Tatyana Mollayeva, Chen Xiong, Sara Hanafy, Vincy Chan, Zheng Jing Hu, Mitchell Sutton, Michael Escobar, Angela Colantonio
INTRODUCTION: Reports on the association between comorbidity and functional status and risk of death in patients with traumatic brain injury (TBI) have been inconsistent; it is currently unknown which additional clinical entities (comorbidities) have an adverse influence on the evolution of outcomes across the lifespan of men and women with TBI. The current protocol outlines a strategy for a systematic review of the current evidence examining the impact of comorbidity on functional status and early-term and late-term mortality, taking into account known risk factors of these adverse outcomes (ie, demographic (age and sex) and injury-related characteristics)...
October 13, 2017: BMJ Open
Tim Martindale, Phillip McGlone, Robert Chambers, Jon Fennell
The effects of a high carbon dioxide on cerebral perfusion and intracranial pressure are well known. We report the case of a man who presented after with a severe traumatic brain injury including intracranial and extradural haemorrhage. Neuroprotective ventilation was impossible without supramaximal tidal volumes due to a combination of chest trauma and severe bronchospasm. A pump driven Novalung iLA active® system was inserted to achieve both ARDSnet ventilation and a lowering of intracranial pressure. To our knowledge, this is the first time this system has been used to this effect...
February 2017: Journal of the Intensive Care Society
Shigeo Godo, Shigemi Irino, Atsuhiro Nakagawa, Yu Kawazoe, Motoo Fujita, Daisuke Kudo, Ryosuke Nomura, Hiroaki Shimokawa, Shigeki Kushimoto
Paroxysmal sympathetic hyperactivity (PSH) is a distinct syndrome of episodic sympathetic hyperactivities following severe acquired brain injury, characterized by paroxysmal transient fever, tachycardia, hypertension, tachypnea, excessive diaphoresis and specific posturing. PSH remains to be an under-recognized condition with a diagnostic pitfall especially in the intensive care unit (ICU) settings due to the high prevalence of concomitant diseases that mimic PSH. A consensus set of diagnostic criteria named PSH-Assessment Measure (PSH-AM) has been developed recently, which is consisted of two components: a diagnosis likelihood tool derived from clinical characteristics of PSH, and a clinical feature scale assigned to the severity of each sympathetic hyperactivity...
September 2017: Tohoku Journal of Experimental Medicine
Martin Smith
Raised intracranial pressure (ICP) is associated with worse outcomes after acute brain injury, and clinical guidelines advocate early treatment of intracranial hypertension. ICP-lowering therapies are usually administered in a stepwise manner, starting with safer first-line interventions, while reserving higher-risk options for patients with intractable intracranial hypertension. Decompressive craniectomy is a surgical procedure in which part of the skull is removed and the underlying dura opened to reduce brain swelling-related raised ICP; it can be performed as a primary or secondary procedure...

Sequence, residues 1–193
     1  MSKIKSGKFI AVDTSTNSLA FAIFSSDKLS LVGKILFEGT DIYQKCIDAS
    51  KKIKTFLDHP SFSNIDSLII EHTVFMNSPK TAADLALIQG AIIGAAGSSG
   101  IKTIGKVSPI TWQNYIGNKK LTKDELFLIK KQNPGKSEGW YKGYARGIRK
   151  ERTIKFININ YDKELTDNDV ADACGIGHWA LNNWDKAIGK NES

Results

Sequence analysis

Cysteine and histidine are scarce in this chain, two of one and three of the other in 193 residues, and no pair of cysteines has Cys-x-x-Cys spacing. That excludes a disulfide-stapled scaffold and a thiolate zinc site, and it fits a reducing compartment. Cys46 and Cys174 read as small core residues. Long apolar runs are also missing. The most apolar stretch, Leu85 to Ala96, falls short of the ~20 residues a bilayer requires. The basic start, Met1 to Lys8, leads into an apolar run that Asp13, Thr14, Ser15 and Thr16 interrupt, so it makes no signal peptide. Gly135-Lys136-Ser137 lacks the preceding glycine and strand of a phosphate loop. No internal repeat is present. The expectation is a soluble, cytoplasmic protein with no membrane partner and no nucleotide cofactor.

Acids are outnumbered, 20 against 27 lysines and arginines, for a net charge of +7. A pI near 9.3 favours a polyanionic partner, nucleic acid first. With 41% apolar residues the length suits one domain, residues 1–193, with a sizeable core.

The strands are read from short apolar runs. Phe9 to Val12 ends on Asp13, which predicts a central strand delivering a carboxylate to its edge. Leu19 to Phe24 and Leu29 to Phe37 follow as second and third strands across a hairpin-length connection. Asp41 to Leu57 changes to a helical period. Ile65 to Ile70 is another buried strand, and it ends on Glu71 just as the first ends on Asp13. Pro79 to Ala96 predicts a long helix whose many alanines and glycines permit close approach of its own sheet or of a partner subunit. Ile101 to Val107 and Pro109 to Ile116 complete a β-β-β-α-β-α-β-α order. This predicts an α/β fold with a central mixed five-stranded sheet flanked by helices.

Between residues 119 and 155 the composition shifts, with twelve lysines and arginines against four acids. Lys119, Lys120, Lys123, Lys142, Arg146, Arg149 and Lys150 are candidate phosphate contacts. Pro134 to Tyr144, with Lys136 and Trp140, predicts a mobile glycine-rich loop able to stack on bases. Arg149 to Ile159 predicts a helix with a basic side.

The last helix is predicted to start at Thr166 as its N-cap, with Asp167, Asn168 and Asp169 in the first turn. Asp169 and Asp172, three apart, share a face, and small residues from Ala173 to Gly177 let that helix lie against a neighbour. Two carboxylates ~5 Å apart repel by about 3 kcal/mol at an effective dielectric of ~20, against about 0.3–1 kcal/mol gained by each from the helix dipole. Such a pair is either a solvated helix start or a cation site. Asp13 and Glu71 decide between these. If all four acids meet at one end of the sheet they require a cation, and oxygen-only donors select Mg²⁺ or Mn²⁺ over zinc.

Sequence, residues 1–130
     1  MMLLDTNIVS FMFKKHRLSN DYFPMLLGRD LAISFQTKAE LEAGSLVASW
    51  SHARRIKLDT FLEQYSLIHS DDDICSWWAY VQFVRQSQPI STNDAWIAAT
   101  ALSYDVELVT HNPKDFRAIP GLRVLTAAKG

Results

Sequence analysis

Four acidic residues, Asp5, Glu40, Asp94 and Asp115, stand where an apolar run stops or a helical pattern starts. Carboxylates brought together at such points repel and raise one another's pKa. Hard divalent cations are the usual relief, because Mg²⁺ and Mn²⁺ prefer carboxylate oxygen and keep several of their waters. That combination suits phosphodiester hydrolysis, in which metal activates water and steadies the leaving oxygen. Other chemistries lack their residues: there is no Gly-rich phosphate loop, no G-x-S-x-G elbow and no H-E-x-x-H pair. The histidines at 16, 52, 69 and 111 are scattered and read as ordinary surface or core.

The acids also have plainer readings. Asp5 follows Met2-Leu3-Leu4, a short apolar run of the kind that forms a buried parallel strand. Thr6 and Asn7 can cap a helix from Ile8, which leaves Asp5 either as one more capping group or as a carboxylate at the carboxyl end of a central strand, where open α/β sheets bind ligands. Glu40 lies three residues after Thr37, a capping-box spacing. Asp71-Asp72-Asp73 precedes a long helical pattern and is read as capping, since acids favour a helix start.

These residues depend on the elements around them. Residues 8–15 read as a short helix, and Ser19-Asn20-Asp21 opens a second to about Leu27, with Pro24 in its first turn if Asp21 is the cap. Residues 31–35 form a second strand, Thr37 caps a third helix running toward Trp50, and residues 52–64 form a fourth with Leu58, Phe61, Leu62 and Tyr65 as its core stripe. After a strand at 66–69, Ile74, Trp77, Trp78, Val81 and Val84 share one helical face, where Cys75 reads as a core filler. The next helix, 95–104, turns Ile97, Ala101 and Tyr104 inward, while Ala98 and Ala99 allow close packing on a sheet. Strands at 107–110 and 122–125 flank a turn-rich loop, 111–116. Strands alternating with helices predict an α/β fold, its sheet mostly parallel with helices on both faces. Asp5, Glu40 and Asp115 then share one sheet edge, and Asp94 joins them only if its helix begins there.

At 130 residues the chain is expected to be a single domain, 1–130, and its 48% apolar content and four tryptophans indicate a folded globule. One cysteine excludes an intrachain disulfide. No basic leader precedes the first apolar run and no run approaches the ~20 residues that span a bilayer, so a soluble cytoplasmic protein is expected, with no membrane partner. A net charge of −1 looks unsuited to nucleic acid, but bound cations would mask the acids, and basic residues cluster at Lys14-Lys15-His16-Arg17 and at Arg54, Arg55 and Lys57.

December 2017: Anesthesia and Analgesia
M Irem Baharoglu, Anneke Brand, Maria M Koopman, Marinus Vermeulen, Yvo B W E M Roos
Neurological injuries can be divided into those with traumatic and nontraumatic causes. The largest groups are traumatic brain injury (TBI) and nontraumatic stroke. TBI patients may present with intracranial hemorrhages (contusions, or subdural or epidural hematomas). Strokes are ischemic or hemorrhagic. In all these disorders, thrombosis and hemostasis play a major role. Treatment aims to either cease bleeding and/or restore perfusion. We reviewed hemostatic and thrombolytic therapies in patients with neurological injuries by MEDLINE and EMBASE search using various key words for neurological disorders and hemostatic therapies restricted to English language and human adults...
October 2017: Transfusion Medicine Reviews
Daniel Agustín Godoy, Pablo David Guerrero Suarez, Luis Rafael Moscote-Salazar, Mario Di Napoli
Intracranial hypertension (IH) is one of the final pathways of acute brain injury. In severe traumatic brain injury (sTBI), it independently predicts poor outcomes. Its control represents a key aspect of the management. Lack of response to conventional therapies signals a state of ''refractory IH'', with an associated mortality rate of 80-100%. In such cases, hypothermia, barbiturates at high doses (BBT), decompressive craniectomy (DC), and extreme hyperventilation are utilized. However, none of them has proven efficacy...
July 2017: Bulletin of Emergency and Trauma